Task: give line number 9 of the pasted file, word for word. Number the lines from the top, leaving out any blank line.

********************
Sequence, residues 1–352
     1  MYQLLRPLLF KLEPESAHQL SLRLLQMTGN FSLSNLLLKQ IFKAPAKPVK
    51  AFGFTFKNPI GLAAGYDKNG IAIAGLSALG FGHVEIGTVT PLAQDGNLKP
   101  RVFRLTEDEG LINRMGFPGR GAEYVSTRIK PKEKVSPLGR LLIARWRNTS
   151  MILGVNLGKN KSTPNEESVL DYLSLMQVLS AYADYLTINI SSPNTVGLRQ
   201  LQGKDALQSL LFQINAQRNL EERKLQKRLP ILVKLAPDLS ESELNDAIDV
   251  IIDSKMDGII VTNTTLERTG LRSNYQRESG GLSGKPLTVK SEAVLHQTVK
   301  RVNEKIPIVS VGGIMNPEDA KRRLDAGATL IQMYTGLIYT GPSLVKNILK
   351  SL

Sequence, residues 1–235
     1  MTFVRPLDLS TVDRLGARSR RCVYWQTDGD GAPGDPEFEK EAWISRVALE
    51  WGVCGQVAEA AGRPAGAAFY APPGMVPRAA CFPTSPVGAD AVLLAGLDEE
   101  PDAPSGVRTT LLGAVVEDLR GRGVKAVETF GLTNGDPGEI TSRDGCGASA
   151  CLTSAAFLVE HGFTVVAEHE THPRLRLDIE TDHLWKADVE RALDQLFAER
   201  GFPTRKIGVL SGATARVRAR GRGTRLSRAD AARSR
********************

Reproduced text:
   351  SL